The most recent media surveys (6-8 July; polls and legwork) on the 11 July Upper House election put the DPJ around 50 and the LDP in the mid 40s. The DPJ continues to kick ass in the national proportional ballot, but the LDP is coming on strong in the prefectural districts. Specifically, it’s the one-seaters. Sankei’s 7 July district-by-district survey has the DPJ and LDP leading in 9 and 16 respectively, and the two neck-and-neck in 4. The LDP is becoming the party of the peripheral, of ura-Nihon—don’t use this word in polite company, it has been politically incorrect for some years—Shikoku, and Kyushu (it even leads in Okinawa).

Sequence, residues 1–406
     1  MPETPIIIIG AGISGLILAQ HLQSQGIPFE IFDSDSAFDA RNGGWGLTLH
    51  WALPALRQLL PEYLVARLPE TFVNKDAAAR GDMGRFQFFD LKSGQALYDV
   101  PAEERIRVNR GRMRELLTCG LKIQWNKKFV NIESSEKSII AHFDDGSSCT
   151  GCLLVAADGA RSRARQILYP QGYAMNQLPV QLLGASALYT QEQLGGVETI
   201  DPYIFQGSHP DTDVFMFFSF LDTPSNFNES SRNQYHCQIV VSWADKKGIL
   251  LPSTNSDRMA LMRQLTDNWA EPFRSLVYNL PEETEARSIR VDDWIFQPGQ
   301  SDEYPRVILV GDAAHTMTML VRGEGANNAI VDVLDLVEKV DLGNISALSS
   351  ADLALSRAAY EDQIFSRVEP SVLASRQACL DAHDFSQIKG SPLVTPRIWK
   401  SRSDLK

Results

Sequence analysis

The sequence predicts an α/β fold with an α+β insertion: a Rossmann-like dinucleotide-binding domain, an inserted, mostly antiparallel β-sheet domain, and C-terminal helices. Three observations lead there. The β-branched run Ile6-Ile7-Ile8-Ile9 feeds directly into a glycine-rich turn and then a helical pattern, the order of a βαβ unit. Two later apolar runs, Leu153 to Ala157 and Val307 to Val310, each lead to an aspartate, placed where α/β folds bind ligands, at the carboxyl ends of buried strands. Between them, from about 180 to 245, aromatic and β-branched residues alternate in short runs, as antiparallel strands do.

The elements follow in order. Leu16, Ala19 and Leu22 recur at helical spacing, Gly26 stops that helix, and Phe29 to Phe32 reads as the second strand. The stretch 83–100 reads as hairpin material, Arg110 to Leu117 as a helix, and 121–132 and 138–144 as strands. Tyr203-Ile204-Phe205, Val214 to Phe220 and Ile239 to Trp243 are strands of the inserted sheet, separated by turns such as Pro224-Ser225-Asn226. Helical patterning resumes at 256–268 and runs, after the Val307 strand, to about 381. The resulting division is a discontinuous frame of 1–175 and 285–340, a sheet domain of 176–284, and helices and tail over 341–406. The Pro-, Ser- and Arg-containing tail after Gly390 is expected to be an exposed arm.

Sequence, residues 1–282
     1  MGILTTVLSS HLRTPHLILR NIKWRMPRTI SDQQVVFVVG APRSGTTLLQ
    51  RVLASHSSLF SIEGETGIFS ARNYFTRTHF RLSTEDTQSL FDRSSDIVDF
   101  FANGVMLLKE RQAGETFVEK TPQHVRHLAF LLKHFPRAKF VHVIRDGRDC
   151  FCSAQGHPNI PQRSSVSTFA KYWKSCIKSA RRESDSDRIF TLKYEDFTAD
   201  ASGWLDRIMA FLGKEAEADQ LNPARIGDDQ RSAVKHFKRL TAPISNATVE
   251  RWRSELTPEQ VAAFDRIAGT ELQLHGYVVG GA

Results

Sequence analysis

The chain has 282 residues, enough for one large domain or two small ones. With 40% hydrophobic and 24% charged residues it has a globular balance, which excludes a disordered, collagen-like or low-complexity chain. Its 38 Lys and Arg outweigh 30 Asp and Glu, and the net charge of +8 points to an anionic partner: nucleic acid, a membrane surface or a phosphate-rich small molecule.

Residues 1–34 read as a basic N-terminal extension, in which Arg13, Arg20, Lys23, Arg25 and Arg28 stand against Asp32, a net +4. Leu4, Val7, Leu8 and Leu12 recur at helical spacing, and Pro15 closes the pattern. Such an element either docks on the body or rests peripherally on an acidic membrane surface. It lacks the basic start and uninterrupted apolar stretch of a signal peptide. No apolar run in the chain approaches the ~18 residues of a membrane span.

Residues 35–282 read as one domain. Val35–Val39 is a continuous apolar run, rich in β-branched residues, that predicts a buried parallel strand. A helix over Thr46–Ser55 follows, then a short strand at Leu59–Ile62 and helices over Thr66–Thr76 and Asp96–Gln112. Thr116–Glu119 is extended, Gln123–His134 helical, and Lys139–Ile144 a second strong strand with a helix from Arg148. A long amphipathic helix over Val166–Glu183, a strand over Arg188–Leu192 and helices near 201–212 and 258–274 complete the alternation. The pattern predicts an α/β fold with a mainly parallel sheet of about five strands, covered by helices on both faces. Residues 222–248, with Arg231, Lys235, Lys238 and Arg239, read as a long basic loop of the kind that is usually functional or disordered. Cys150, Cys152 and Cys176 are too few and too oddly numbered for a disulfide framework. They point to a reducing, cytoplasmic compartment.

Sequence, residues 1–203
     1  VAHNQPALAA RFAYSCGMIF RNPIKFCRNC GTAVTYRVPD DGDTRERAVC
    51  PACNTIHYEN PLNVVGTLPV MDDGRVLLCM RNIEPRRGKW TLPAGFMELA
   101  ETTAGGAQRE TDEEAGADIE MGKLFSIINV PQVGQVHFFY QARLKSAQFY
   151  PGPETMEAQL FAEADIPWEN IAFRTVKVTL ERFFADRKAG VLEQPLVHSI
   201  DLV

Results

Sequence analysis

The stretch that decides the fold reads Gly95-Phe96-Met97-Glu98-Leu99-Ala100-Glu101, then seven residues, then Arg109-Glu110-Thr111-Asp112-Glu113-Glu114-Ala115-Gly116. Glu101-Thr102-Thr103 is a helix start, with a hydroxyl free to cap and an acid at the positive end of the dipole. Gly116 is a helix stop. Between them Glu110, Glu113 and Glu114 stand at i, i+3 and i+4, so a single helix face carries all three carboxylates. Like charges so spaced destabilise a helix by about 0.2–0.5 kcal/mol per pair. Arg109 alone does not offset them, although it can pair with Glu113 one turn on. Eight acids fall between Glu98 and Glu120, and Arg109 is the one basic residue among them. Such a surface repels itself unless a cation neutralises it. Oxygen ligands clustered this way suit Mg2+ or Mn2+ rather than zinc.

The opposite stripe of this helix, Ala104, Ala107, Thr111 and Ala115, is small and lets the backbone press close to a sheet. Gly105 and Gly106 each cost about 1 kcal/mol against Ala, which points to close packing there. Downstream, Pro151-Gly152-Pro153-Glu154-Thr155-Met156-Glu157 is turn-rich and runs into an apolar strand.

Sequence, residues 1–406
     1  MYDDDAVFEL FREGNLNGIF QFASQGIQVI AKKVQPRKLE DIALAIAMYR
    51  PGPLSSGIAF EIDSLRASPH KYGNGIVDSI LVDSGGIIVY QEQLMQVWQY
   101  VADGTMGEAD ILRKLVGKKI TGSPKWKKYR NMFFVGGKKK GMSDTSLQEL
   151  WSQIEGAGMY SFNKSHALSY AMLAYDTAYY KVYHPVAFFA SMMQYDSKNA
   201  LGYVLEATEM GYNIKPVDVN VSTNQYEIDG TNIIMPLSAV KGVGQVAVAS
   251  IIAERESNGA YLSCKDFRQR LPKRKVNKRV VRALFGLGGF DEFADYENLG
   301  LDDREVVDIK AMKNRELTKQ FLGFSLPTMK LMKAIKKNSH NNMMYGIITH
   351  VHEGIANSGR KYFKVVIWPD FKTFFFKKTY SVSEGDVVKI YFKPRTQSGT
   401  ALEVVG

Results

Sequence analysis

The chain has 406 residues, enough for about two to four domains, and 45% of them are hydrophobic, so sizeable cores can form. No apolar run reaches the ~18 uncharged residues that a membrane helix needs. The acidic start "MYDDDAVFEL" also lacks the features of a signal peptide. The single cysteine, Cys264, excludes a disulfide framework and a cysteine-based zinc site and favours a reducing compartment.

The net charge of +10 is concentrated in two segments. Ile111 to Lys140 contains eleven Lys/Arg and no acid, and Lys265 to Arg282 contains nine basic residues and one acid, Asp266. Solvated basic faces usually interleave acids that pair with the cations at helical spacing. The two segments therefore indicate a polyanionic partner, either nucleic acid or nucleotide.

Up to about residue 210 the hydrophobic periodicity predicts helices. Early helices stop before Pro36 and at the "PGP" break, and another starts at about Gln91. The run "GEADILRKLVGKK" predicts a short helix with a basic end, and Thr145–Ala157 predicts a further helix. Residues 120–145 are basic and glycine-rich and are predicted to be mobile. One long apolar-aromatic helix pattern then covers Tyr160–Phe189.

If this trend will plays itself out on 11 July—there still are a lot of undecideds out there, though that factor has to be discounted by the prospects of their sitting it out—there will be a multitude of implications, short-term and long-, politics and policy, that require analysis. A lot of work to do.